Most often I will select for the
landscape reference in a painting, some
place well established and significantly altered by human
habitation. Then, with a little research and a lot of intuition,
attempt to return it to a pristine and untouched state. The
Painting titled Bonneville is an example of this desire to “paint
a landscape back”, so to speak. The site is the Salt
Lake Valley and if you go there you will of course, find it filled all
the way up to the brim with urban sprawl.
More recently I’ve been making
constructions which allow
me to address in the most direct and stark form, the essential
conflicts and contradictions refered to bellow. Reduction to key
elements implies continuity between the form, which is painted and
constructed, and any
structural environment the piece is
The work co-opts its surrounding architecture by means of what is
implied but left out.
See: Pahaska/Absaroka and Temelek in
contemporary collection at the Eitlejorg Museum in Indianapolis.
both the traditional conventions of
renaissance perspective and a painterly affirmation of the modernist
picture plane, Ron Clayton establishes a counterpoint in his paintings
between abstract and illusionistic space, the integration seems wholly
natural yet at the same time, there is a confrontation between flat and
illusionistic space which is intentionally
“There is a well
known passage in Marcel Proust's Remembrance of Things Past in which he
his reader's consciousness across three
decades and many hundreds of miles with one sensory recollection.
I have never forgotten
it. Proust’s intention is to allow his reader to experience
two moments in time
simultaneously. I try
to do something analogous with the space in these paintings.”
The interior spaces depicted in these
paintings recall abandoned and
deteriorating industrial buildings, seductive in their painterly
rendering, yet vaguely threatening both to the viewer and to the
glimpses of nature each piece offers through a portal or passageway at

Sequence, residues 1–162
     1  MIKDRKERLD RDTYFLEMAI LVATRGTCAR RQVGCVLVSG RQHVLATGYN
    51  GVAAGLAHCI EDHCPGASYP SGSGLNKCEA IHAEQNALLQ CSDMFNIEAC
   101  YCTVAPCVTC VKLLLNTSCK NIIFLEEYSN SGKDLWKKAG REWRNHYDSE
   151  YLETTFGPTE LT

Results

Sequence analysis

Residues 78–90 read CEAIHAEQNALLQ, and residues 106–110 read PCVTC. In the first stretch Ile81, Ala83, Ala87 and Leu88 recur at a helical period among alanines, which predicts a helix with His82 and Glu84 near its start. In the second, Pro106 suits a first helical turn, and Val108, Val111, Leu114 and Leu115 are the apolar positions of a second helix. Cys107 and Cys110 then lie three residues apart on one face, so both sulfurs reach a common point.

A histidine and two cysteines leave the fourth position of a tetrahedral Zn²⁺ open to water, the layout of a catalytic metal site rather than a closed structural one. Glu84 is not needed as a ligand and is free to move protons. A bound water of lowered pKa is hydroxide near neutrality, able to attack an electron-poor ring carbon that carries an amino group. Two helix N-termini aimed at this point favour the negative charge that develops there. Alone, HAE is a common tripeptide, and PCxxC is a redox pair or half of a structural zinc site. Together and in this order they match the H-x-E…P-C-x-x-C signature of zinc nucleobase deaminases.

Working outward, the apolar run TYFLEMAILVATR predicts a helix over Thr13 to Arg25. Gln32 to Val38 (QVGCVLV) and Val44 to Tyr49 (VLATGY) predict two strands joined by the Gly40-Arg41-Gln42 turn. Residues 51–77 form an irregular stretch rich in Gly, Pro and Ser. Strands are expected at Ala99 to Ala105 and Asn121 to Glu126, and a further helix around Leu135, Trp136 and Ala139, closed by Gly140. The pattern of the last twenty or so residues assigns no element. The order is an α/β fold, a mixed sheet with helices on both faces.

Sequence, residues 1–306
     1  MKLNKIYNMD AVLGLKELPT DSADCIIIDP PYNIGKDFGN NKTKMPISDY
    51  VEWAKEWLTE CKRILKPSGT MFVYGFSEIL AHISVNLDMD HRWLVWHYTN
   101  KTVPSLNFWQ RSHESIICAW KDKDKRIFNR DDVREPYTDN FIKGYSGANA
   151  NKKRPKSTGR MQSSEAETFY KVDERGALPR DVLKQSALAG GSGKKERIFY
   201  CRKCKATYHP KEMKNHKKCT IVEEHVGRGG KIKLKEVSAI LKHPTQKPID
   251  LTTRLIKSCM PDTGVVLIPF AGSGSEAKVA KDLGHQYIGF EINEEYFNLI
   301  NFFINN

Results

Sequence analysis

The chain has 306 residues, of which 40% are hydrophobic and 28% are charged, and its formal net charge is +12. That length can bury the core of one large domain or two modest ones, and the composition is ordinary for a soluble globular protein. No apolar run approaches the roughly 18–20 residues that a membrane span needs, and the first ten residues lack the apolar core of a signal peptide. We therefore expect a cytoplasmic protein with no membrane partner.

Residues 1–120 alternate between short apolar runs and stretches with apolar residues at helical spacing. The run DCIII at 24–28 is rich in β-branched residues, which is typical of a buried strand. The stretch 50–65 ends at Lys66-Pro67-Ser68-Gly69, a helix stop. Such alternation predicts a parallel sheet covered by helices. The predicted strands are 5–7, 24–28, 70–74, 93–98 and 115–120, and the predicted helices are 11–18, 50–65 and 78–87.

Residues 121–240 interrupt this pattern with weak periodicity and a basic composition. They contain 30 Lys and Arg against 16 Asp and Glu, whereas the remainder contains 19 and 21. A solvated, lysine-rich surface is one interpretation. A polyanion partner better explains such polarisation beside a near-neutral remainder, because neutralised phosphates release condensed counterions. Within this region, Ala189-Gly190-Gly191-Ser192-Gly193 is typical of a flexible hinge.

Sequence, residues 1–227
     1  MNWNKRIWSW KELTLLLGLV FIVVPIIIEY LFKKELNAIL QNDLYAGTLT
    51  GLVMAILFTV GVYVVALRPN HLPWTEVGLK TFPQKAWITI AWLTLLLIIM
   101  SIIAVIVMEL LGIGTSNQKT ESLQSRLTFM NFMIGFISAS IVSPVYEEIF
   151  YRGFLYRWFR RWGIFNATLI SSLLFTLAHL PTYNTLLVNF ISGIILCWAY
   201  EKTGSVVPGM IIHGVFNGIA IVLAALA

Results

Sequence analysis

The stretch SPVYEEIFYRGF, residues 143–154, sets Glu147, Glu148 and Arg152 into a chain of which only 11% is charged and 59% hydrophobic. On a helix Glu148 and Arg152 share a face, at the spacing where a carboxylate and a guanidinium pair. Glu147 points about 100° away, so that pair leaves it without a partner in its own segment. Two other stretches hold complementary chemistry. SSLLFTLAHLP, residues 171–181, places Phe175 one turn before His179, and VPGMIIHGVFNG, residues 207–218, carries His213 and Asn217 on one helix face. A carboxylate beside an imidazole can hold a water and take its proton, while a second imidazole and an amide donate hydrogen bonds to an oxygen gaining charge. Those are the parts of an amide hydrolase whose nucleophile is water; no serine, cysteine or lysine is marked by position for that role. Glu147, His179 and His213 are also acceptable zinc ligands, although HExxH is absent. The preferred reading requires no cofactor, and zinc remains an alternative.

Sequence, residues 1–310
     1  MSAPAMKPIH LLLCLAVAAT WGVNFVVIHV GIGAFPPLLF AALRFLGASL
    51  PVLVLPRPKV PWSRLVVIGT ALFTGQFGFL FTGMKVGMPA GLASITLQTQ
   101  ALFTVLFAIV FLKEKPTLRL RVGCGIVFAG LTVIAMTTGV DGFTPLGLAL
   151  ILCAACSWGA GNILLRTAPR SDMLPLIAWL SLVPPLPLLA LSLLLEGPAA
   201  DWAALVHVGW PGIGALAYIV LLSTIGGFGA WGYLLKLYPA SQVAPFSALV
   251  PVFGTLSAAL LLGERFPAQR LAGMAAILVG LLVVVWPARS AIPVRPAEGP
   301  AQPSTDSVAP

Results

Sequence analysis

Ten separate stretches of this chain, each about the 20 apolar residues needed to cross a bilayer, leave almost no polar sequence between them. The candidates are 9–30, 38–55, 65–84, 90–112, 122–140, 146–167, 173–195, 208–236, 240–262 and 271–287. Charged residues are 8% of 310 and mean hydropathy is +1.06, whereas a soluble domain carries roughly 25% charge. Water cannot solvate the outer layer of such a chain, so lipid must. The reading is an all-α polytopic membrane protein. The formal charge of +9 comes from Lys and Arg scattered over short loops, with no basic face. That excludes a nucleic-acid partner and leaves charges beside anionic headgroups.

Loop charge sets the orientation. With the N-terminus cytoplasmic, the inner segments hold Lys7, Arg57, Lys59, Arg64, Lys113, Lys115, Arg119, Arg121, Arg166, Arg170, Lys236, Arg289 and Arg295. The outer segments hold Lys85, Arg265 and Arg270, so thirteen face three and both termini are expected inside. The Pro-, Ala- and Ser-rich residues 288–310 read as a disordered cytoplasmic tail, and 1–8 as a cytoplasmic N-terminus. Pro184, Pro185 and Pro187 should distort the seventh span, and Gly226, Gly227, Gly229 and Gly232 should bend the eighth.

it's far end. These doorways offer the viewer a pastoral means of
escape, if he or she is willing to accept it. Clayton's work not
only represents real architecture, and real shifts in contemporary
culture, it depicts spaces symbolic of the conflict between the age of
technology and the natural man.”
Dan Addignton: ARTNOW Gallery Guide,
Chicago Feature, May, 1996
My current direction in painting,
which began to emerge around 1990, involves three simultaneous
interests, in other words;
These paintings work on three levels.
-1 As form, they
attempt to reconcile the past with
the present in western painting - to reconcile formalist/modernist
two-dimensional abstraction with tricks of illusionist pictorial space
such as linear perspective, invented during the Renaissance and later
repudiated by modernism.
-2 These paintings
also work on a literal level,
representing the conflict between the man made and the natural
worlds. The building interiors represent all human constructs,
not just industry but governments, economies, ideologies, philosophies
etc. as such they always appear to be more than they in fact are.
The illusionistically painted views of landscape represent nature
idealized and untouched by man.
-3 The paintings
also function as metaphors for
life. They place the viewer in a position where she/he must
choose from among many dead ends and false passages, the one path that
leads to eventual escape and reward in an idealized natural
world. In the latest work, perspective is manipulated and the
floors are painted slippery wet to make that pathway seem as
treacherous and unpredictable as life often really is.